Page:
Lymph node cells from the bone marrow chimeras were harvested and triple stained for the expression of CD4 (FITC)/CD8 (PE) and CD25 (biotin), CD44 (biotin), CD62L (biotin), or CD69 (biotin) followed by streptavidin coupled to APC. Lymph node cells from mixed bone marrow chimeras were triple stained for the expression of CD45.2 (biotin) followed by streptavidin coupled to APC, CD4 (FITC), and CD8 (PE) or CD45.2 (FITC), CD4 (PE) or CD8 (PE), and CD25 (biotin), CD44 (biotin), CD62L (biotin), or CD69 (biotin) followed by streptavidin coupled to APC.
Organs were isolated from chimeric mice 8 wk after reconstitution at a time point when the mice that obtained CTLA-4−/− bone marrow alone had developed signs of disease. Organs were fixed in 4% buffered formaldehyde in PBS, pH 7.0, and were paraffin embedded. Sections were cut (5 μM) and stained with hematoxylin and eosin and examined by light microscopy.
Total cellular RNA was prepared from CD45.1 (CTLA-4+/+) and CD45.2 (CTLA-4−/−) splenocytes purified from mixed chimeras 8 wk after bone marrow transfer. Random hexamer-primed reverse transcription was performed and the level of TGF-β-, IFN-γ-, and IL-10-specific transcripts was determined by PCR coamplification of a competitor construct and cellular cDNA after standardization for the expression of β2-microglobulin essentially as described (17). PCR primers for TGF-β, IFN-γ, IL-10, and β2-microglobulin were described elsewhere (17).
Results and Discussion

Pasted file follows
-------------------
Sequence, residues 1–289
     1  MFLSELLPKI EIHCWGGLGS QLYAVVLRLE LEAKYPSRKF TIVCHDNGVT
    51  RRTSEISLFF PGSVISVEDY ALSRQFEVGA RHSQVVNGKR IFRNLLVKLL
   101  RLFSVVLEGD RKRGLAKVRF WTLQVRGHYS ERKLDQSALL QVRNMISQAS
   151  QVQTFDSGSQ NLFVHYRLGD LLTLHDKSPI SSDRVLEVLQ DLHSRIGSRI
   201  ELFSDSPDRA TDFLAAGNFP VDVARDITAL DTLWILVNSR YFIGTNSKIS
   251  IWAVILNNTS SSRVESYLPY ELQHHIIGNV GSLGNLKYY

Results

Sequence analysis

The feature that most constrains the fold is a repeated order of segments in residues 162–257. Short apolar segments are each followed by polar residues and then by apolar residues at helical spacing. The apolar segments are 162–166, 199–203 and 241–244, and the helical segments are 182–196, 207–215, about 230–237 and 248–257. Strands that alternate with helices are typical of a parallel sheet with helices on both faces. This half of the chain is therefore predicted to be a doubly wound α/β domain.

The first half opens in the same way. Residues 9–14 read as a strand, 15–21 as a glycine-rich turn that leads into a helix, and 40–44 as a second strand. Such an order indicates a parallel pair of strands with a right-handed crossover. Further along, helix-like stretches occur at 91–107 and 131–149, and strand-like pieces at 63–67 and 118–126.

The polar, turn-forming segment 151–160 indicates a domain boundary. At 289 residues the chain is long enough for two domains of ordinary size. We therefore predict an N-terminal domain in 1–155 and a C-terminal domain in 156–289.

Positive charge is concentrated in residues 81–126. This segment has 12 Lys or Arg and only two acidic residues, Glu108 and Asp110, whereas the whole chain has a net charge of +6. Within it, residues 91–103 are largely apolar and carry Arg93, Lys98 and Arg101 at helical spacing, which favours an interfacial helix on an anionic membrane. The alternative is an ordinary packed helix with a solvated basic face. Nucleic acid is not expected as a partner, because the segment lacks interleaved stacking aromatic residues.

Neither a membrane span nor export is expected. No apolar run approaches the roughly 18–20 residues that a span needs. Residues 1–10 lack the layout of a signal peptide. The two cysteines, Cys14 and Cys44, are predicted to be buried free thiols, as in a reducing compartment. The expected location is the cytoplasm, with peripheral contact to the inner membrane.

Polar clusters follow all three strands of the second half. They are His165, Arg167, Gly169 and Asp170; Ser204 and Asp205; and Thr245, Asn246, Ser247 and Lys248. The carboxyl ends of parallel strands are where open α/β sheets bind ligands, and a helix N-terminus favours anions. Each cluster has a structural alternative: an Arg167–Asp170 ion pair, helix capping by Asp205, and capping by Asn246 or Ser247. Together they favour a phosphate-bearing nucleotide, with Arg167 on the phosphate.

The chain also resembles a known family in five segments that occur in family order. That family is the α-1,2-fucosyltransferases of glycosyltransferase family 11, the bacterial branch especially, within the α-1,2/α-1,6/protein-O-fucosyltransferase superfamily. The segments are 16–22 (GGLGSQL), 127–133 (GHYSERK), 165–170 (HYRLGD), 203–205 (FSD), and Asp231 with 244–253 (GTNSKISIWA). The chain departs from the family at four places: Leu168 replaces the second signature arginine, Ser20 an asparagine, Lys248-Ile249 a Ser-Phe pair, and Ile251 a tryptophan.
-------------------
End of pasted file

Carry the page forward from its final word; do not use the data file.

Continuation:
To analyze whether the lymphoproliferative disorder observed in CTLA-4−/− mice was T cell autonomous or could be prevented by the presence of normal T cells, various bone marrow chimeras were constructed. Thus, irradiated (3 Gy) RAG2−/− mice were reconstituted with T cell-depleted bone marrow from normal mice, CTLA-4−/− mice, or a 1:1 mixture of both. In case of the latter, we reconstituted CTLA-4−/− bone marrow expressing CD45.2 together with bone marrow of congenic C57BL/6 mice expressing CD45.1 on all hematopoietic cells so that we could follow the fate of the individual T cell populations. While CTLA-4−/− mice die shortly (3–5 wk) after birth (13, 14, 15), RAG2−/− chimeras receiving CTLA-4-deficient bone marrow alone died around week 10 after reconstitution. In marked contrast, the mixed bone marrow chimeras remained healthy for at least 6 mo (Fig. 1,A). Mixed chimerism was confirmed by assessing CD45.2 expression of CD4+ and CD8+ T cells (Fig. 1,B). Similar results were obtained between 8 and 40 wk after reconstitution and was comparable in the T and B cell compartment (not shown). Histological analysis of organs derived from diseased CTLA-4−/− chimeras revealed inflammatory lymphocyte infiltrates mainly in pericardium with slight myocardial involvement (Fig. 2,C) and liver (not shown). However, inflammation was clearly less extensive than in 4-wk-old CTLA-4−/− mice (Fig. 2,D) and was not present in all CTLA-4−/− chimeras (not shown). In contrast, mixed bone marrow chimeras as well as control chimeras showed no signs of organ inflammation (Fig. 2, A and B). Thus, chimeras receiving CTLA-4−/− bone marrow alone developed lethal inflammation of multiple organs. However, this disease could be prevented by the presence of normal T cells, demonstrating that disease does not develop because T cells stimulated through the TCR have to be down-regulated by a signal mediated by CTLA-4. Instead, normal T cells appear to produce a factor (or factors) upon ligation of CTLA-4 that is able to prevent organ inflammation in trans. Interestingly, assessing lymphocyte numbers in spleen and lymph nodes in the various chimeras revealed normal cell numbers, indicating that CTLA-4−/− T cells fail to cause lymphoproliferative disease even in the absence of normal T cells (Fig. 3 A). Moreover, the architecture of the lymph nodes was normal in all types of chimeric mice, while it was grossly distorted in CTLA-4−/− mice (not shown).